Stress Dad and Screaming Upset Boy

Our Story Begins:
That Moment


Have you had that moment?

More appropriately, in my case, those moments?

Before you say “what the heck” and click over to some gossip site looking for the latest news about Kim and Kanye let me just look you (metaphorically) in the eye and say . . . you know what I’m talking about!


As a parent, particularly in those early, crazy days when you constantly smell like poop-infused baby powder mixed with strained carrots; losing your mind as you chase those little creatures around the aisles of Target, you want to give up. You sit in the car before going to the grocery store wondering just what in the hell possessed you to take ALL the kids with you? Then you suddenly realize – oh, yeah, you’re by yourself so you HAVE to bring the kids with you.

Then there’s the fact that these tiny little things, who seemed so small and fragile and ready to break from the smallest mistake, are running around with the speed of The Flash on steroids and you wonder . . . how can something with such tiny little legs be so damned quick and agile?!

There’s the ridiculous things; things you wonder why it ever crossed their minds:
“Why in the hell would you throw your flip-flop out of the shopping cart in the middle of the yawning abyss that is Ikea for God’s sake?!”
“What would possess you to think giving your sister a haircut was a good idea?!”
This is followed with “I don’t know…”

You wonder, constantly, if you’re really cut out for this.


I walked into the waning stages of this when my wife passed away and I became a single dad.  I was barely functional myself. Logic, you see, disappears and becomes something like a fever dream that would make even Timothy Leary say “no . . . I’m good, gonna just come over here and grab a cup of coffee.”

But I got a piece of advice early on from my father that was simultaneously funny and perfect. It came after a tantrum from my son, punishment, and a brief moment where I was waffling over caving in to aforementioned son because, frankly, I’d had it.

“You have to be the one in charge in this house, son. Otherwise you’re really just the tallest person in the room.”

It seems a strange statement, but go with it. I have, under the guidance given me by said parents, never thought kids were stupid. They don’t have our experience, no. They don’t have our instincts, either, but they are far from stupid. That being the case . . . they know that when they put your dress shoes in the washing machine to see what happens that you will have a freak out moment. They know that when they scream it drives you nuts and are hoping you will cave in. They know they get to stay in Ikea an hour longer because you have to trace yourself back to the lost flip flop!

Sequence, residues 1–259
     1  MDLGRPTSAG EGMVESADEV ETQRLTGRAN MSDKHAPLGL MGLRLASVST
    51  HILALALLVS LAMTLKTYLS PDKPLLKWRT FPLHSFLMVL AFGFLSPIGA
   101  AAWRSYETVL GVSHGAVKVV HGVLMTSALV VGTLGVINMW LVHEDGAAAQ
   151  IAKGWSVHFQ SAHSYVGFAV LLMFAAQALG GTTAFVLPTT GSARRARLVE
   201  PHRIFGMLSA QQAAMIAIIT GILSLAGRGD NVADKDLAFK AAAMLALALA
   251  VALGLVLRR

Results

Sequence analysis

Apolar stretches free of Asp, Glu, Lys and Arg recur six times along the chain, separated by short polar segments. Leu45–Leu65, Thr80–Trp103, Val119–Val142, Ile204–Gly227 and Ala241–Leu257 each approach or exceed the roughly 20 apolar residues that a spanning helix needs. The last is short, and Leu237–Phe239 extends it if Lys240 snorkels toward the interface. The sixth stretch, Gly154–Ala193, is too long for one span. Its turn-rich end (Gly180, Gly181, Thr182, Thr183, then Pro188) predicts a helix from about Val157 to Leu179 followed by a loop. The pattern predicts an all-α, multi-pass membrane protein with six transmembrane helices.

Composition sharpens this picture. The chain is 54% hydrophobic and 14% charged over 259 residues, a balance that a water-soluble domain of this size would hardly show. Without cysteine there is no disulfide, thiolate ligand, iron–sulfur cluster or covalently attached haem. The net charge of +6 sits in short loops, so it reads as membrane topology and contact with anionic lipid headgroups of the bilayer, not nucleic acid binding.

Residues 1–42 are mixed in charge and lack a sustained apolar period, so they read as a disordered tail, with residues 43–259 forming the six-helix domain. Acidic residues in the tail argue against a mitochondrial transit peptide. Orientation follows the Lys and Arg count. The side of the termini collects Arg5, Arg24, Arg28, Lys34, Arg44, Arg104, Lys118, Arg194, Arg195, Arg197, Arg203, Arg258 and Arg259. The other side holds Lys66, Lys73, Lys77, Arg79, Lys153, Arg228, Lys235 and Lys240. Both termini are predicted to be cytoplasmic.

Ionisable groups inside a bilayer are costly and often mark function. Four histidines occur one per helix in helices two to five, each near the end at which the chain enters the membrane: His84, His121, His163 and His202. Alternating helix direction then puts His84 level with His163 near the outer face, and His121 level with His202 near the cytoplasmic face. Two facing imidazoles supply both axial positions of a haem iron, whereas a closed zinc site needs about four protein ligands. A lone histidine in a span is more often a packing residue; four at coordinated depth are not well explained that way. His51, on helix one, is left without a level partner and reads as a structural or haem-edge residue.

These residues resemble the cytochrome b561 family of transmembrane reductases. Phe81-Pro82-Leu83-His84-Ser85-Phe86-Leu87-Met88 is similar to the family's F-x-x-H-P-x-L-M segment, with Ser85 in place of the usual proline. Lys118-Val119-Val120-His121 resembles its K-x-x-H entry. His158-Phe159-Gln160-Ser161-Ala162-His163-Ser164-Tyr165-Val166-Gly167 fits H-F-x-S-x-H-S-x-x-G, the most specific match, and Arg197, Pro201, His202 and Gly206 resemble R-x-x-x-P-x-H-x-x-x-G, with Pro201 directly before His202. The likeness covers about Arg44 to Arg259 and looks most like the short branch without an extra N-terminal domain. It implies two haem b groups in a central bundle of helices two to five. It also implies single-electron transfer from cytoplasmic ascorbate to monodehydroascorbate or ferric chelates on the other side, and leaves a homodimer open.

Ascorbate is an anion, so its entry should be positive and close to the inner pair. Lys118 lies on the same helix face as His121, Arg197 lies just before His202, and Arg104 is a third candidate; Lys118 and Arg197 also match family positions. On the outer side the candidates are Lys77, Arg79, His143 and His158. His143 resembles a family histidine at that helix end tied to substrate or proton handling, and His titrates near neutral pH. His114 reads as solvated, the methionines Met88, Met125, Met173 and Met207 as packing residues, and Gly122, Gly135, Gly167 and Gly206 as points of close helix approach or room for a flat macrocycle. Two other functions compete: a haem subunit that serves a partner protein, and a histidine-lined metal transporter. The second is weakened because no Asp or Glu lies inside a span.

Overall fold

When you cave in they are in charge and you’re really just the tall guy with long arms who can get cookies off the shelf for them. See what I mean? When that five-dollar flip-flop gets tossed out of the cart? Guess what? No flip-flop. Sorry. We’ll get you more when I have time. We have other shoes at home.

So I did something different. Rather than giving up, crashing, burning, even after watching snot, paint, hair gel and laundry detergent turn my hair into a mix of a mohawk and a comb-over, I got up on my feet.


Related: What Matters Most: Saying “yes” to doing Less!

I don’t sit a lot.  People ask when I have time to cook, bake, make holiday dinners or cookies . . . but you have to get to a point where you realize you’re either a parent or you’re not.

You WILL do laundry at 10pm because someone forgot to tell you their PE clothes were dirty.
You WILL load the dishwasher all over again because the kids did a perfunctory job of it.
You WILL follow through and when you find gum wrappers on the floor 2 feet from the garbage can you put them in your daughter’s pillow case to make her realize there is a garbage can and it’s not the floor. (Yep. Really happened.)

But in the midst of that . . . you sing while you cook and the kids begin to join in. You bake and the boys ask if they can help. You do laundry and a kid appears behind you and starts folding clothes.

You go on a date and your daughter smiles instead of frowns.

Parenting isn’t easy and it isn’t easy to embrace. Yet once the kids realize you’re their guide, not their nemesis . . . that’s when exasperation gives way. That is the moment I’m at today.

That’s until they break a computer or drop your phone in the toilet or bug you for video games or . . .